1. These German Masters qualifiers probably seem a bit dull for the players after Glasgow and York (Barnsley is a very mundane venue). Most of them are drained after a long year and Christmas is almost here! However, for anyone outside the top-32, this will be their last game for 7 weeks unless they make it through to the Tempodrom, which isn’t easy as there are two matches to win. For some players, all that remains in their season will be the Welsh Open, China Open and World Championship. For the top players, their schedule will continue to be packed.

    Amusing to see Ben Mertens was drawn against Yuan Sijun, who was himself a child prodigy not so long ago. Perhaps Ben can get his revenge in the World Championship final sometime in the 2030’s! I know what you mean about Ben Mertens and Richard Weinold, but there isn’t any other way to incorporate them with this draw format. At least this way they get to see first-hand what top-level competitive snooker is about. Whether it will continue with this format is open to question: I’ve always felt that the German Masters is a good candidate for an invitational event, as Shanghai and Ruhr have already become.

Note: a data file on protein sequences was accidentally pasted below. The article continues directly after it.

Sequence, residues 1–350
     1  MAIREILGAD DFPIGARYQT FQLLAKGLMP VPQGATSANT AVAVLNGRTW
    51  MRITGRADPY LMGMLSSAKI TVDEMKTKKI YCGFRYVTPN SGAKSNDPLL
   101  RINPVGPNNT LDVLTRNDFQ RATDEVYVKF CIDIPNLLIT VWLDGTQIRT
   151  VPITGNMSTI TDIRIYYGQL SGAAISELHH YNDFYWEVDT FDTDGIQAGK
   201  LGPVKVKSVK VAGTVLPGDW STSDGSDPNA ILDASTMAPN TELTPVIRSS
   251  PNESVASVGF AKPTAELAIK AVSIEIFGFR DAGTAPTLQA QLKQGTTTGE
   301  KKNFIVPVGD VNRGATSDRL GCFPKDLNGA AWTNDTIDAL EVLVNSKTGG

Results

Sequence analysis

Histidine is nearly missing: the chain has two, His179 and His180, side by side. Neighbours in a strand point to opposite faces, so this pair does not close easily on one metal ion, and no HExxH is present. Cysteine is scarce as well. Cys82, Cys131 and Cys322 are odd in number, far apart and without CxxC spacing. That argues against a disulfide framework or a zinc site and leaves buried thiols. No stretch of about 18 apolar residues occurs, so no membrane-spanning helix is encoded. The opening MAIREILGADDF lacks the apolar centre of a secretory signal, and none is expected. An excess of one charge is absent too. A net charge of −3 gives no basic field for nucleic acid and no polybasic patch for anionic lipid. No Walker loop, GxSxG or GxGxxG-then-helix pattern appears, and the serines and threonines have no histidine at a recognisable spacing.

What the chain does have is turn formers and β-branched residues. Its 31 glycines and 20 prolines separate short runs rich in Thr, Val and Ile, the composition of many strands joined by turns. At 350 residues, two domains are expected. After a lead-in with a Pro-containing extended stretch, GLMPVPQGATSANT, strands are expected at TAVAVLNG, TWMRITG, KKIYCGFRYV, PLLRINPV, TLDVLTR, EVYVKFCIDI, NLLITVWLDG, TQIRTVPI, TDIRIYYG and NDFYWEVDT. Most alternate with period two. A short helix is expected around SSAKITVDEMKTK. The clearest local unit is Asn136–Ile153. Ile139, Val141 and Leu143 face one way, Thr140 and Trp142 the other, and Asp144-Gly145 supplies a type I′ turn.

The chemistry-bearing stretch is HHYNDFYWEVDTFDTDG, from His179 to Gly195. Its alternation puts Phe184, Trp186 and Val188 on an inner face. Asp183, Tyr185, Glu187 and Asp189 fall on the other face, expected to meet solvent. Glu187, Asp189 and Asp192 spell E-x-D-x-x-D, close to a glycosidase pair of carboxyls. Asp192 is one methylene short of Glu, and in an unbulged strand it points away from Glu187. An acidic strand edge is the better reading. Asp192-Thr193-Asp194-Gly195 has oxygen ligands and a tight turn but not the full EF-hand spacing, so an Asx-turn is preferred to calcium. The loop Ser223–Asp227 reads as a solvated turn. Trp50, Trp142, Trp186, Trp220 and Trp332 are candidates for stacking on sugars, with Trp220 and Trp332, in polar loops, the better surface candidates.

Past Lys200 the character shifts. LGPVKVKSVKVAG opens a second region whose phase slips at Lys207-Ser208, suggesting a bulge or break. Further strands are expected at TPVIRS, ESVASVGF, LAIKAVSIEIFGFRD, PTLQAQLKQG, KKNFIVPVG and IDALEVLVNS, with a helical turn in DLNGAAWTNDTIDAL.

So far, the line-up for Berlin looks very interesting, so I’ve decided to go there in January! The table layout is very unusual, but it’s a very enjoyable event, and well-attended in the evenings.

    • Enjoy it Lewis! Berlin is a great city. If you haven’t already, try to stay a couple of days to visit it, it’s worth it. Just one thing, it’s likely to be extremely cold. The night Ronnie won it, in 2012, it was freezing at – 20°C …

      • Yes, I have been to Berlin a few times. Last time was 2 years ago, when Hamilton won, and Mark King beat Ronnie, much to the disappointment of the German crowd! I’ll do the 3 weekdays, do some touring in the mornings, then snooker at 2pm (a very civilised start-time!).

Comments are closed.